How to Create and Stick to a Wedding Budget

A wedding is the happiest event in a couple’s life – but also one of the most costly! From venue selection to catering, the goods and services can really start adding up. With the average wedding cost in the U.S. coming in at $35,329 I thought it would be a good idea to share some ideas on how to create a wedding budget and then actually stick to it. The $50 billion wedding industry has made it very easy to overspend in order to achieve your version of a fairytale. When planning your wedding keep in mind that your partner will still love you with or without that horse-drawn carriage.

My husband and I got married in 2015 with 100 of our family and friends in attendance for about $12,000, which, being the frugal person that I am, felt like an enormous amount of money.

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I love my spreadsheets and had a very detailed one for our wedding outlining each expense including: save the date cards, invitations, wedding rings, food, alcohol, a DJ, a photographer and even a photo booth. Venue, food and beverage are the most costly aspects – those three items should amount to about half your budget.

When planning your wedding also keep the following in mind:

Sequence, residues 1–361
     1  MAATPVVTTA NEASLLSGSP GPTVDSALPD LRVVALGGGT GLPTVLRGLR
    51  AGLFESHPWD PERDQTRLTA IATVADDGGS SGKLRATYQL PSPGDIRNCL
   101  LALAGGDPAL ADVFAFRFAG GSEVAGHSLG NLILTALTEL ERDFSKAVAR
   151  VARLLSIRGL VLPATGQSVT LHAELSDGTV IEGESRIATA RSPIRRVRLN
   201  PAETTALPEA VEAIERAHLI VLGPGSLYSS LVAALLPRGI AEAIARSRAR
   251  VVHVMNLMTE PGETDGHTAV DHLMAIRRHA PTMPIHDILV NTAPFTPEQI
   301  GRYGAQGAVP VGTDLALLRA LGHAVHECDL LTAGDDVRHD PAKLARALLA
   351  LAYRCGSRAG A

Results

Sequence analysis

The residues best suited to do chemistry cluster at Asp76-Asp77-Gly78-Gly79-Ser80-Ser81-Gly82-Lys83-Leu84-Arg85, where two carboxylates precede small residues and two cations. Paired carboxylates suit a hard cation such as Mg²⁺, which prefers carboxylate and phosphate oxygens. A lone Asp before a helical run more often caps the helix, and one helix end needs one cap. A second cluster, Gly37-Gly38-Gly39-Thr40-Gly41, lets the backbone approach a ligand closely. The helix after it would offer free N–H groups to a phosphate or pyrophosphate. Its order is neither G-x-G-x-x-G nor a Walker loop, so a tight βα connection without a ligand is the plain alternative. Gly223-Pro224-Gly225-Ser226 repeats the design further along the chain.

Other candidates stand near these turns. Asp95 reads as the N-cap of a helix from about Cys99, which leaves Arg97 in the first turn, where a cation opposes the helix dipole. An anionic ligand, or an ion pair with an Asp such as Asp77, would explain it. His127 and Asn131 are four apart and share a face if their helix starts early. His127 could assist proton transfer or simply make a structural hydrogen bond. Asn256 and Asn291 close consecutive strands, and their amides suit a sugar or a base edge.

• Discuss the wedding budget with your partner and any other family members that may be contributing financially. This should be one of the first things you do in the planning stage, but unfortunately, many couples skip this step and then get sticker shock when final bills start rolling in. Determine the total amount you have to spend and commit to stay under this number by working with your partner and family to be held accountable while still getting the wedding of your dreams.
  • The guest list will be one of the biggest drivers of cost. If you want to stick to a budget, start with keeping the guest list manageable and removing names that you haven’t spoken to or seen in the last few years and keep the ceremony as small or intimate as you like. Commit to a number and don’t succumb to last minute guilt trips or family pressure.
  • Remember that you don’t need everything you see in the wedding magazines. It can be easy to believe that more is always better and that extravagance will lead to happiness, but the most important memories you create should also involve a happy bank account. Get creative in your planning and think outside the box. A lot of couples are skipping the printing costs of ceremony programs or opting for electronic save the date cards to save money.

A wedding is the start to something wonderful – make it a strong one by starting on the right financial foot as well!

Did you stick to your wedding budget? Let me know in the comments below.

 

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